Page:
Ensuring the safety of your event attendees doesn’t mean that your programs have to be bland, says Stu Katzen.
We live in a world dominated by fear. Everyone is so fearful of what could go wrong that we spend a fortune in public liability, workers’ comp and personal and professional indemnity insurance, trying to insure ourselves against loss, breakage and litigation.
When we hire equipment from some suppliers we pay a damage waiver and now we also pay a percentage of their public liability. When we go into some venues, they have specific rigging or AV companies we have to use – “because they understand the space”.
Fear of loss, damage and litigation has inspired some to institute exclusive use contracts and preferred suppliers resulting in higher event costs.
However, having said this, our industry has come a long way in the last 15 years as far as safety goes. You will no longer arrive to find a three phase distro in a change room in 5mm of water, or find the piñata hanging from the lighting rig.
I will never forget telling a photographer on a job many years ago to move from where he was standing, only to get a very rude retort. I asked him to look down. He was standing with one leg either side of a pyrotechnic that was about to be ignited and would have cost him his right to Father’s Day. That would just not happen anymore. These days we have to ensure a certain clearance, have ample security or staff, fire blankets, extinguishers, and of course fill out a full risk assessment and have all the correct permits well in advance of the event.
None of this is wrong. In fact, I am an ardent supporter of safety on the job. I am however, also reminded by a great comment made by David Grant many years ago in an interview where he stated that despite all the prohibitions and rules we now have to work by, he never likes to say “no”. There is always another way to do the job and make it work. I agree whole heartedly. Safety does come first, but there is always another way to “skin the cat”.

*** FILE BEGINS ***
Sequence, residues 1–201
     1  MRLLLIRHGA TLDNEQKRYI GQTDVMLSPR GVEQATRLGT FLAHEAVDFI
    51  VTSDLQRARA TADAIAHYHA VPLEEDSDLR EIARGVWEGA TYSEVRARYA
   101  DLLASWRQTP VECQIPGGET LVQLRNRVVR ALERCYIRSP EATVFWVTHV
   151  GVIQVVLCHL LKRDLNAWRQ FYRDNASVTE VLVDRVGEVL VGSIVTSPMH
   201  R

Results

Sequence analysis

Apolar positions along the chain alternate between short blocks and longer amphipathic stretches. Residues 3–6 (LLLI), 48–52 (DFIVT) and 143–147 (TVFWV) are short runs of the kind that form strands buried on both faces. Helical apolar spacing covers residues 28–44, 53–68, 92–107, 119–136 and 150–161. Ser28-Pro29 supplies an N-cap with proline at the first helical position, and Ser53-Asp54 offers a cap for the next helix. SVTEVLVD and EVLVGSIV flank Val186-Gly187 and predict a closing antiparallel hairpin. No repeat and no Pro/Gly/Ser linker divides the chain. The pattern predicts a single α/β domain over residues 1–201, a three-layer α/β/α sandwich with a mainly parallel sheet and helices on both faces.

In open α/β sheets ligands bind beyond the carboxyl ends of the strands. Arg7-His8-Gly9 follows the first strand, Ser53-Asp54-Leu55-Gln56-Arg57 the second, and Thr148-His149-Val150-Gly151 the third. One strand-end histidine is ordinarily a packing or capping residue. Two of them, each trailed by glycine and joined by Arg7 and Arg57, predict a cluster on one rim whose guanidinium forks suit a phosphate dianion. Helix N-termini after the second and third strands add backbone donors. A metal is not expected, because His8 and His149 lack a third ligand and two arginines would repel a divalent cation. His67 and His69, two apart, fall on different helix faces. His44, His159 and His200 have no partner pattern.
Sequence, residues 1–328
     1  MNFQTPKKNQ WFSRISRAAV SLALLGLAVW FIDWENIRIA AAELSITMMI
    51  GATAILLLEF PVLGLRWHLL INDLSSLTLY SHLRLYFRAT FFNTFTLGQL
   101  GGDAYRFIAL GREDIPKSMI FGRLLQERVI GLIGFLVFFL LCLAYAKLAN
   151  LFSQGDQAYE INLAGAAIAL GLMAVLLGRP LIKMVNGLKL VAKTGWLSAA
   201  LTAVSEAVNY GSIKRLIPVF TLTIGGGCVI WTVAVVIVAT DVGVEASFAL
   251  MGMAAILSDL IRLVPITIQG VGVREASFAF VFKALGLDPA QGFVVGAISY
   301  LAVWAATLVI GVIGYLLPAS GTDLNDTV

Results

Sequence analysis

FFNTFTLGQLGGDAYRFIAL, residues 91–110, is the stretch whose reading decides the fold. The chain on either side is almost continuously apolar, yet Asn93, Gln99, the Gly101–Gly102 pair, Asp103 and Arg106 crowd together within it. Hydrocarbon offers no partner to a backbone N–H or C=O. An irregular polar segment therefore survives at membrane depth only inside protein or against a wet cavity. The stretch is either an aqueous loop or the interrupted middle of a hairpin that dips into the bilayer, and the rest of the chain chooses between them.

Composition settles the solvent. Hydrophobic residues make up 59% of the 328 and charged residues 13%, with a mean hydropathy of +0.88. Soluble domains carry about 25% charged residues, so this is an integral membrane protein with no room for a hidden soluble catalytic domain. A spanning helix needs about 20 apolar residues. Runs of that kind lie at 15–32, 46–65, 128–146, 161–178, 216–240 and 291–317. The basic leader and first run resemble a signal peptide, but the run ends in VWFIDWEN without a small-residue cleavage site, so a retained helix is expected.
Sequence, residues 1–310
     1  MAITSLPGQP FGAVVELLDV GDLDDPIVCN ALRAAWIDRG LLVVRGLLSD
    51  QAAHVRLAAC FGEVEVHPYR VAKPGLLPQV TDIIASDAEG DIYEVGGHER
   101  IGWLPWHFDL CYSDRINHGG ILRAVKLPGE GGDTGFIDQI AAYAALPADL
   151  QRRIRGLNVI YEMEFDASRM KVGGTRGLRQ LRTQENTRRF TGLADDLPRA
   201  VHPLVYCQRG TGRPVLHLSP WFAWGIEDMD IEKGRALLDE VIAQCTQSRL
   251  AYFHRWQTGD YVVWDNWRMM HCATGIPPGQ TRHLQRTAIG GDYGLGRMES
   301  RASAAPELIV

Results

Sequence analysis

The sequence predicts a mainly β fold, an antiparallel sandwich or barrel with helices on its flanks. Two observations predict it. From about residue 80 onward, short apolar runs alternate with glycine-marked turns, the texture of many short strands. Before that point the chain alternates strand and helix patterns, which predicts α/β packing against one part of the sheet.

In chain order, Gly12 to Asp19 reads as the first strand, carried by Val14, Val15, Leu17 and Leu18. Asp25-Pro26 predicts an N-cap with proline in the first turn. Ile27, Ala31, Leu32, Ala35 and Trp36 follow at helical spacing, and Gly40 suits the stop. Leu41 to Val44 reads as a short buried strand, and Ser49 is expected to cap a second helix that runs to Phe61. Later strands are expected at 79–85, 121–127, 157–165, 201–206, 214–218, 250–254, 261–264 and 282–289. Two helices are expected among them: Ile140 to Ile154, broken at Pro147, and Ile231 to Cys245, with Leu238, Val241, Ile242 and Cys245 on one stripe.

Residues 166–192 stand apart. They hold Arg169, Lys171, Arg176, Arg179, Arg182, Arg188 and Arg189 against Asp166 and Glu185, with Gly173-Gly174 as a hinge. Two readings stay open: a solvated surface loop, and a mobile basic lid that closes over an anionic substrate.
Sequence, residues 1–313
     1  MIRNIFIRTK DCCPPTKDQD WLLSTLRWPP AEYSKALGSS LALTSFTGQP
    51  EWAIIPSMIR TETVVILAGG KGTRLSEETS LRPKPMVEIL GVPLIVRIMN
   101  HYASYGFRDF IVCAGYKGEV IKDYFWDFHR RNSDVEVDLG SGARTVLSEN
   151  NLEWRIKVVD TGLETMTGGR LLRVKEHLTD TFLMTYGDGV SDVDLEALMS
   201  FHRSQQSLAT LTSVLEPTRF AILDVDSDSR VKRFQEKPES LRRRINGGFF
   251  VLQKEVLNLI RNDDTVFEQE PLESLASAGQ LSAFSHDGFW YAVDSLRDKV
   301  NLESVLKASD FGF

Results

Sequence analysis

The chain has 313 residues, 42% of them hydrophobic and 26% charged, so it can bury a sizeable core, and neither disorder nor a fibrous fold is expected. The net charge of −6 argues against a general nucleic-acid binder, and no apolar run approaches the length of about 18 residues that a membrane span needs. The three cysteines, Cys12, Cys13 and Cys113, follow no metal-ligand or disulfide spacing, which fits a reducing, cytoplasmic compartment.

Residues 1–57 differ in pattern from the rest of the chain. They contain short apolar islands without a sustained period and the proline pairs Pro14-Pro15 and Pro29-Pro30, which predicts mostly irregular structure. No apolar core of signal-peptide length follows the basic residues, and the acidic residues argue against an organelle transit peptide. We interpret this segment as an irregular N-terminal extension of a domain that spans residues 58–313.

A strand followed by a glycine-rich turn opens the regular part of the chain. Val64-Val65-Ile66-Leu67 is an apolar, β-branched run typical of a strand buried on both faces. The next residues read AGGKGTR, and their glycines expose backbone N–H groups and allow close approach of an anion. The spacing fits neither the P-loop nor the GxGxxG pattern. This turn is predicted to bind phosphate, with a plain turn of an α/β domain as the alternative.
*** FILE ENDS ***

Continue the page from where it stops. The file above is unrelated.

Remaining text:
For me the biggest change we now have is we are forced to actually think about what we are doing. If there is the propensity for danger on a job then look at it, analyse it and mitigate it. It does not mean, don’t do it. You can always make it happen. Just do it differently.
As event producers/creators, one of our responsibilities as I see it, is to ensure that the environment we ask our suppliers and guests to work and play in, is safe. They put their trust in us to deliver a product that will not hurt them and it is up to us to make that happen and ensure our suppliers don’t cut corners, for whatever reason.
I did an event inside a motor tunnel. I was consumed by the safety aspect and mitigating all risk for my client and suppliers. I had every person on the job submit a full risk assessment, copies of PL, WH&S, workers’ comp and signed personal waivers. I had created a mammoth Risk and Safety Assessment document (at least 10 inches thick, surely that was thick enough?) and went to a meeting with their WH&S manager armed and ready to respond! I was confident I had covered every eventuality for an event inside a motor tunnel. He sat me down and smiled at my impressively huge folder. He looked at me and laconically informed me that in the case of an emergency, guests and crew should run for the end of the tunnel (40m away) to a predesignated spot. “It’s a bloody tunnel, so tell ’em to get out!”
That was it. If there is a problem leave the tunnel. Simple, to the point and no drama.
There is no question about it, there must be safety on any job. Losing a life, a part of your body or getting hurt is just not an option, however, fear of this should not paralyse or preclude us from creativity in an industry where we are all about innovation and the promise of doing it differently and “new”.